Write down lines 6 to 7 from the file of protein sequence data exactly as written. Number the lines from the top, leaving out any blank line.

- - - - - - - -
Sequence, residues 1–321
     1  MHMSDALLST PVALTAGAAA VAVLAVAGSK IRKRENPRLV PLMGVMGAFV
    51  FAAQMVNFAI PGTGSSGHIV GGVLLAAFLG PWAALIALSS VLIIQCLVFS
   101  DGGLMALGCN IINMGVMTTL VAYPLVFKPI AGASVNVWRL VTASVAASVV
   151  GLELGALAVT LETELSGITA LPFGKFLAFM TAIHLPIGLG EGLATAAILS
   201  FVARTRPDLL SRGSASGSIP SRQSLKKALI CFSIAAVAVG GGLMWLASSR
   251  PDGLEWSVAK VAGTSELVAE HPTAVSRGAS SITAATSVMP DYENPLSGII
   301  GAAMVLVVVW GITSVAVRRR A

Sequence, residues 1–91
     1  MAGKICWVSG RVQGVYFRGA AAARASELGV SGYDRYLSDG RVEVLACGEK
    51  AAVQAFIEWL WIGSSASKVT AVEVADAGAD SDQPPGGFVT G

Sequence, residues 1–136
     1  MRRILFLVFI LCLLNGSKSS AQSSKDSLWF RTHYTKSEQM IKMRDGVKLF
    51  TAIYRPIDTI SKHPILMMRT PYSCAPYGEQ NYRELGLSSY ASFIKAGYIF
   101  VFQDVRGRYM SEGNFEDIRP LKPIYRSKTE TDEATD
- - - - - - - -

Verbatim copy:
   201  FVARTRPDLL SRGSASGSIP SRQSLKKALI CFSIAAVAVG GGLMWLASSR
   251  PDGLEWSVAK VAGTSELVAE HPTAVSRGAS SITAATSVMP DYENPLSGII